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4. Stir until whiskey is chilled.

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5. Strain into cocktail glass.

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6. Add twist of lemon, rub rind around rim & toss into glass.

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7. Add one or two Luxardo cherries followed by a couple spoons of cherry liquid.* The brand name is everything here. These cherries are not your run of the mill atomic candied cherries. They are extremely edible (known to be eaten atop ice cream) and make the drink.

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8. Stir gently until a bit cloudy.

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9. Toast your partners & drink!

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 Cheers!

*Most Manhattan recipes call for vermouth, but we think a couple drops of Luxardo cherry juice sneak in a less heavy-handed hint of sweetness.

Lookin’ for Love

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They say you only find love when you stop looking for it. Is this really so? We took to the streets on a love quest– pounding the pavement with our peepers peeled to see what we could find.

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We took it slow. We didn’t want to rush into anything, but things were looking promising.

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Probably just a fluke. But then this?

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And glancing down.

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Looking up.

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The walls.

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The stairway.

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The freeway.

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The doorway.

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The entryway.

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Hold up– maybe things are moving a bit too fast.

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Don’t want my heart to end up here.

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Maybe we need to break up. It’s not you, it’s me. And just remember:

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Thanks to all the artists out there putting love on the streets.

Check out the stripeycity shop to find quirky handmade sweet nothings for your sweet something this Valentines day.

Vinyl Revival

Vinyl is not dead, but records can die.

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These busted, moldy, scratched, and warped records have taken their last spin on the turntable. Such sorry LPs inhabit thrift stores, garages, basements, attics, flea markets, and bargain bins. They’re often wearing vintage jackets much too groovy for the grave.

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On a good day, we’re just in time to save a stack of played out LPs from the dump. Our Upcycled CD/DVD Holder Books breathe new life into discarded record albums while adding analogue charm to any digital media collection. Take a tour through past CD/DVD Cases handmade from salvaged album covers, accompanied by a tune played on a vintage Commodore 64 computer.

Beer Craft For Craft Beer Lovers

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Crazy for craft beer? You can’t seem to go far these days without stumbling across artisanal ales. Nothing like bellying up to the local bar for some local brew, but some days you just feel like cracking a cold one on the cheap in the comfort of your own home.

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For the love of good beer with a dash of dive bar atmosphere, we’ve created a set of Handmade Upcycled Photo Coasters to bring old school beer-sonality to your home bar.

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Stay in and enjoy a healthy session of homestead elbow bending, without endangering that heirloom coffee table.

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So Close and Yet So Noir…

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Over 5 years ago, we challenged ourselves to track down and watch every film noir made back in the day when noir was noir. It’s been a fun yet bumpy ride mapping our way through cross referenced lists to find rare cinematic gems and plain old lemons. We’ve scoured public libraries, the internet, local video stores, and film noir fests. Now we’re closing in on completing the list.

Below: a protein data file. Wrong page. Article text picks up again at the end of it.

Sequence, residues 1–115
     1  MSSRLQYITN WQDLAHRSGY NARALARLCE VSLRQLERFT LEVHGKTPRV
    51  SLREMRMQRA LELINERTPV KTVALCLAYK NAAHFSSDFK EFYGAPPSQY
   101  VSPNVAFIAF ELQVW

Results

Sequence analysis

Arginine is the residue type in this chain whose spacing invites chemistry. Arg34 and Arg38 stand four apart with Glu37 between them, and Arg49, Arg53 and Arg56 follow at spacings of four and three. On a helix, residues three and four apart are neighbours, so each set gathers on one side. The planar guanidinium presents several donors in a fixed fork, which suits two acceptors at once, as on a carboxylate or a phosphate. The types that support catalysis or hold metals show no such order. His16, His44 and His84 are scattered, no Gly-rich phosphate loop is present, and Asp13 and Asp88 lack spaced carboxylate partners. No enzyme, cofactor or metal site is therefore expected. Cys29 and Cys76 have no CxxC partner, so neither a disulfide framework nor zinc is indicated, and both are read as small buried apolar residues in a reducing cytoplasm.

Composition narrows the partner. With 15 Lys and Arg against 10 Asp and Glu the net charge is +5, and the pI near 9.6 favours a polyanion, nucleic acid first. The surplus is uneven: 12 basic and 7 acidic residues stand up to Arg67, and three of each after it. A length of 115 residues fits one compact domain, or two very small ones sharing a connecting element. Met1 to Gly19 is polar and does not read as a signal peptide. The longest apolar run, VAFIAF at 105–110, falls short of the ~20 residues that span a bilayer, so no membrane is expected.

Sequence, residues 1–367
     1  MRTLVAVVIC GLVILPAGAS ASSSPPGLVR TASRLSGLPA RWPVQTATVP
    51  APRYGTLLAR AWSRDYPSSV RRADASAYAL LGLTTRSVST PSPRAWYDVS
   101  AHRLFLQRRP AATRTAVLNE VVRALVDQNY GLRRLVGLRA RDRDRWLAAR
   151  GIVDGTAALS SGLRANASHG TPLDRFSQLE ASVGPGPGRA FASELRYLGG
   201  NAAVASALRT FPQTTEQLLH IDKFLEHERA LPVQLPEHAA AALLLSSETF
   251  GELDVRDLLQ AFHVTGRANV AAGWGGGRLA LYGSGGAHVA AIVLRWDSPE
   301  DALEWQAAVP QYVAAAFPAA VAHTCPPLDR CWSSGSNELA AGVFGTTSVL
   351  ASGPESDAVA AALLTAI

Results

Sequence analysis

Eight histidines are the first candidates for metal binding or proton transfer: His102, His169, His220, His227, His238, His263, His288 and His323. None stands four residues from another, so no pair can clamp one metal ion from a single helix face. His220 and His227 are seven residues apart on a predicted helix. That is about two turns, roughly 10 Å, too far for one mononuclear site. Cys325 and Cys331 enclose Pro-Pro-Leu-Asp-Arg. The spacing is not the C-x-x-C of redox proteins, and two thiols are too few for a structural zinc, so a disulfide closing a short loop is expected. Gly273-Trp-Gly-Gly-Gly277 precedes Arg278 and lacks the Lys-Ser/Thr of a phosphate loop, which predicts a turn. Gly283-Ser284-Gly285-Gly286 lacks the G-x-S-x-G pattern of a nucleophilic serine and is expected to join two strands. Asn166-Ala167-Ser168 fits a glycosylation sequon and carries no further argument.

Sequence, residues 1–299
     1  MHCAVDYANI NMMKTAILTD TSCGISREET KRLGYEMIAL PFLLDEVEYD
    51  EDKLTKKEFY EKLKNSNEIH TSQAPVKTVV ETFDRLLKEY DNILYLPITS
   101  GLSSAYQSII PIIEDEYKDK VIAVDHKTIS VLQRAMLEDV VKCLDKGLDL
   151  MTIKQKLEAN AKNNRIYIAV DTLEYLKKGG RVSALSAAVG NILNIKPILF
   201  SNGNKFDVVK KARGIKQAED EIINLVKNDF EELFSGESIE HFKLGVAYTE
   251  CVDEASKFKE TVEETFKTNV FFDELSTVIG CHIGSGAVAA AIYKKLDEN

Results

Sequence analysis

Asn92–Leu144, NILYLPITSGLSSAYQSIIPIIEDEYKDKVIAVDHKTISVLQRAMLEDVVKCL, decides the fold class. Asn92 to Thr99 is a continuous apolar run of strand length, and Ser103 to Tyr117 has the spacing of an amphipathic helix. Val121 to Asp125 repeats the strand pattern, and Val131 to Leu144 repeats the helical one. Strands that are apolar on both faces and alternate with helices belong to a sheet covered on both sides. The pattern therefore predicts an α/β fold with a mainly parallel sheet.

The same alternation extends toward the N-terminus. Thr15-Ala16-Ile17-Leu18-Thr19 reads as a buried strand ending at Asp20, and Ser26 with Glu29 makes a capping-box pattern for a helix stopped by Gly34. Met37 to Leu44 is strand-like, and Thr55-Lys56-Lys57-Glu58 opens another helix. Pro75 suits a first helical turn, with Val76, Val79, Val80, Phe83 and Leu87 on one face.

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But thankfully, there’s always unexpected noirs popping up like weeds wanting their day in the sun. So the challenge continues. At this point, it would be heartbreaking to take a powder on the nightly noir habit.

Luckily, we’ve amassed quite a DVD collection for the dry spells. It was that tippy stack of DVDs that inspired the making of a worthy home for them. We found a couple discarded noir-ish LP covers and worked up a plan for a dapper homemade DVD Case. Over time, we perfected the construction and began selling the one-of-a-kind Upcycled DVD Holder Books.

Recently, we came across this album cover which inspired the making of our latest 52 DVD Holder Book to hit the Etsy shop.

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Inside pocket pages are sewn from repurposed card stock printed with original photography, street art imagery and graphics in keeping with the noir theme.

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Now you too can stylishly tote your film noir library through life’s mean streets.

Meanwhile, we’re hoping to cross a couple more noirs off the list at the San Francisco Noir City 2016, taking us one step closer to wrapping up our challenge… or maybe just a couple films deeper into the shadows.

Take Note

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It’s the new age of craft coffee. That means single origin, nano roasters, cold press, and pour overs. Kinda makes one miss the old fashioned coffee-counter culture– where a pot was percolating in every kitchen and burning on every diner hotplate, just ready to warm up your cup. The coffee may have gotten better, but don’t you miss a bit of nostalgia with your cup of joe? This urban art journal is a homage to the good ole coffee institutions, compiling coffee signage photographed over the last 20 years. Signs of a different time, to inspire your current caffeinated thoughts.

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The Hand Writing is on the Walls

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It tells you where to park, what’s for sale, or how much for a haircut. I may not go in for the advertised clutch job or psychic reading, but I’m sold on the peeling-paint fonts and colorful crooked letters that make the walls come to life. A field trip through the city is a walk through a typographic gallery. It’s as if these walls can talk.

Check out our urban typography mini journal here http://etsy.me/1z0VNzF . Perfect for recording field notes on your urban rambles.